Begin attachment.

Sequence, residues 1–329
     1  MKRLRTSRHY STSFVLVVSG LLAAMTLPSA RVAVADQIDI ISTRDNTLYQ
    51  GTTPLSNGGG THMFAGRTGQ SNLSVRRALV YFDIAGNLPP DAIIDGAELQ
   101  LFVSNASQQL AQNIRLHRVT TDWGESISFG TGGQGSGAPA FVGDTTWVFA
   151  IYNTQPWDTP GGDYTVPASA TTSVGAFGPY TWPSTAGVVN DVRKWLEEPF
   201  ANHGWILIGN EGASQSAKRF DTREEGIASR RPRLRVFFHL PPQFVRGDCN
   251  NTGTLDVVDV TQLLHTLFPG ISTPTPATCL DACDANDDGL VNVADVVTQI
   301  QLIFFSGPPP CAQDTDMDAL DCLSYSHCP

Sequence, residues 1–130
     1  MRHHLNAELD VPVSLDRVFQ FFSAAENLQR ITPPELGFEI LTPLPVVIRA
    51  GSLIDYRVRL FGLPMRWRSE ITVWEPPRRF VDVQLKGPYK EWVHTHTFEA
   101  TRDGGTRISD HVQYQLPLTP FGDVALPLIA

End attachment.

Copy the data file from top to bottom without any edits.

Sequence, residues 1–329
     1  MKRLRTSRHY STSFVLVVSG LLAAMTLPSA RVAVADQIDI ISTRDNTLYQ
    51  GTTPLSNGGG THMFAGRTGQ SNLSVRRALV YFDIAGNLPP DAIIDGAELQ
   101  LFVSNASQQL AQNIRLHRVT TDWGESISFG TGGQGSGAPA FVGDTTWVFA
   151  IYNTQPWDTP GGDYTVPASA TTSVGAFGPY TWPSTAGVVN DVRKWLEEPF
   201  ANHGWILIGN EGASQSAKRF DTREEGIASR RPRLRVFFHL PPQFVRGDCN
   251  NTGTLDVVDV TQLLHTLFPG ISTPTPATCL DACDANDDGL VNVADVVTQI
   301  QLIFFSGPPP CAQDTDMDAL DCLSYSHCP

Sequence, residues 1–130
     1  MRHHLNAELD VPVSLDRVFQ FFSAAENLQR ITPPELGFEI LTPLPVVIRA
    51  GSLIDYRVRL FGLPMRWRSE ITVWEPPRRF VDVQLKGPYK EWVHTHTFEA
   101  TRDGGTRISD HVQYQLPLTP FGDVALPLIA